By Juliet Wittman
Sunday, December 21, 2008
FIRST DARLING OF THE MORNING Selected Memories Of an Indian Childhood By Thrity Umrigar | HarperPerennial. 294 pp. Paperback, $14.95
Thrity Umrigar's mother was abusive, her father often absent. She communicates her childhood longing for a cohesive family in deeply felt portraits of those she loves: Mehroo, the selfless aunt who provided nurturing and gentleness in an otherwise bleak household; her beloved Uncle Babu, who came up with the endearment that gives the book its title and whose death provides its most poignant moment.
Umrigar, who grew up among the remnants of colonial culture of Bombay (now Mumbai) has thought about what it means to be "a cultural mongrel, the bastard child of history." She read Enid Blyton and listened to Western pop music, usually years out of date. She attended a Catholic school. Asked to write a composition using Indian instead of English names, she was puzzled: "Until now, my characters have eaten scones and blueberry tarts instead of chutney sandwiches and bhel puri, and to make that culinary and cultural leap seems impossible." As an adult, she discovered Salman Rushdie and was fascinated by the Bombay he saw as an Indian writer.
Even as a child, Umrigar was troubled by the poverty she saw around her and worried about the beggars who clustered around her family when they purchased food from a stand. She felt affection and respect for one of her father's factory workers and anguish when he joined a group of angry strikers; she tried to discern what he was thinking, questioning her former blindness and sentimentality in believing they could be friends, and finally understood the gulf that prohibited real communication between them. It is this combination of personal revelation and empathetic observation that makes Umrigar's memoir so appealing.DESIRE Where Sex Meets Addiction By Susan Cheever | Simon & Schuster. 172 pp. $23
For a book about an activity most of us consider pleasurable, this is a remarkably grinding read. Susan Cheever first attracted attention with a memoir in which she revealed that her famous father, the author John Cheever, was bisexual. She got the idea for Desire while researching her biography of Alcoholics Anonymous founder Bill Wilson; once Wilson had his alcoholism under control, apparently, he turned to sex.
Cheever sets out to prove that there's a difference between being a sex addict and just liking a lot of sex, but after 172 pages she has neither defined addiction nor clinched the argument. Or rather, she has defined, asked, argued and sort-of clinched over and over again. She tells the story of her long affair with a journalist -- the book begins with their marriage, which occurred some 17 years and many betrayals after they met -- and she alludes to a lifetime of promiscuity but provides very little insight or detail.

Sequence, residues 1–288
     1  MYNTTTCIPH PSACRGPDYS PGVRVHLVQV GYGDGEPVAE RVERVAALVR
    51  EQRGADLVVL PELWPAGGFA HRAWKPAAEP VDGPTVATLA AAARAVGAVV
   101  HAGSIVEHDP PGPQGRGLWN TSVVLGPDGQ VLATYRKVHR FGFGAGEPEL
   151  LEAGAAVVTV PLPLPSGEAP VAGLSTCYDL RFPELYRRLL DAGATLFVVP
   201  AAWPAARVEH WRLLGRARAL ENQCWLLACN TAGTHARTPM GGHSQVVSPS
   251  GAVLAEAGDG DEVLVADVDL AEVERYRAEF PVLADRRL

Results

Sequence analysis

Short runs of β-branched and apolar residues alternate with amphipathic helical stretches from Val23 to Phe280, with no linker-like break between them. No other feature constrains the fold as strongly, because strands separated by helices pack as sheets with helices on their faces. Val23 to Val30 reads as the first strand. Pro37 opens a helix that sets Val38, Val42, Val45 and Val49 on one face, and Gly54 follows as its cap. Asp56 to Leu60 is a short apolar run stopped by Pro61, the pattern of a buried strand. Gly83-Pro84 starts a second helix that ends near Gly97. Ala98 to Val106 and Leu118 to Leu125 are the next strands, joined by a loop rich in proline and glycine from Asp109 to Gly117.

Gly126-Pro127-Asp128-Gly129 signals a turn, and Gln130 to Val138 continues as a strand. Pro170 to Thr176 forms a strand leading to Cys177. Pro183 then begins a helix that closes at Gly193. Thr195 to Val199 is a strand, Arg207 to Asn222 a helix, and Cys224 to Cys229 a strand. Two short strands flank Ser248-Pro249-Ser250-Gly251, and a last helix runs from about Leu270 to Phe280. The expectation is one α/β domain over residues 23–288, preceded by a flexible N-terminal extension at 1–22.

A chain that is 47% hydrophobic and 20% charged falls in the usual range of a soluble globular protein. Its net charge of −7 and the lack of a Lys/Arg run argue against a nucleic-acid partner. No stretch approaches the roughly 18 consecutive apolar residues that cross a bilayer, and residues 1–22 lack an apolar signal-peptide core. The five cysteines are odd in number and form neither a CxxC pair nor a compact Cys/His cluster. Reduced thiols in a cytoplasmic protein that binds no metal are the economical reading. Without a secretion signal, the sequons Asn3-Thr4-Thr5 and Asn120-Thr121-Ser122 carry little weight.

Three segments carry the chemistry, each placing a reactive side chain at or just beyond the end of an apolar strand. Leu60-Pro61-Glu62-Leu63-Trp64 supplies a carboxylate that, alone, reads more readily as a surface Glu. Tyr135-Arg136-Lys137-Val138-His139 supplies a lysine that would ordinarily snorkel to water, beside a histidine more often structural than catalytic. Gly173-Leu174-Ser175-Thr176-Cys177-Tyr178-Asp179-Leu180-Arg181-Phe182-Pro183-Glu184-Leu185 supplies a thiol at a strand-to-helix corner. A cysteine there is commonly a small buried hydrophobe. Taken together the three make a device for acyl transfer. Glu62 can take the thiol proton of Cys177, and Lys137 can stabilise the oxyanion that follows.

So what do we get? Not an engrossing tell-all. But also, nothing deeper. Not the musings on the cultural meaning of sickness we discovered in Susan Sontag's Illness As Metaphor or the illuminations found in the addiction memoirs of other, more self-aware authors. Not a self-help book, despite the sections titled "what is it?" "what causes it?" and "what can we do about it?" Just a compilation -- well-written though never vivid -- of various people's theories about addiction, interspersed with Cheever's own musings. She doesn't seem to favor one particular theory over another, citing authors as different as surgeon-author Sherwin Nuland, writer bell hooks, evolutionary psychologist David Buss and Scientology founder L. Ron Hubbard without ever coming up with a coherent theory or indicating whose insights strike her as most pertinent.TAKE ME WITH YOU A Memoir By Carlos Frías | Atria. 291 pp. $25
Carlos Frías is a reporter for the Palm Beach Post who was assigned to go to Cuba in 2006 when Fidel Castro became ill. His parents had left after the revolution; they had lost everything, and his father had suffered two years of imprisonment. As a result, the old man had vowed never to return as long as Castro was in power. But when Frías called to tell him of the assignment, Fernando Frías said simply, "Take me with you." And so Carlos did, though only in spirit.
For the younger Frías, this was an opportunity to learn about the country of his ancestry, to meet relatives, to assess for himself the state of things in Cuba. He reunited with family friends, including two women who once worked in a café the family owned: One was his father's old girlfriend; the other was still in love with one of his emigré uncles. He met the long-lost son of an uncle and eventually learned of a half-sister, fathered by Fernando before his arrest.
Frías's writing is emotional, his descriptions fresh. He provides telling details about the clothes, food and poverty of the Cuban people, the lack of amenities that almost all North Americans take for granted, the ancient cars nursed along year after year, the pervasive fear he senses in those he interviews. There's a poignant scene in which he treats a driver to a dish containing steak, which the driver cuts into postage-stamp sized pieces, eating each very slowly and finally staring at "the glistening empty plate for several seconds."
But the book eventually becomes repetitive. We read page after page about disintegrating buildings; Frías meets person after person, describing each in turn, noting caramel skin, wrinkles, black hair, the shape of a face. Almost every meeting is rapturous and painful for him; most cause a physical sensation -- tears, a queasy stomach -- that he dutifully describes. It becomes hard for the reader to keep all these people separate and distinct, let alone to share in the author's passionate feelings about them. ·
Juliet Wittman teaches writing at the University of Colorado.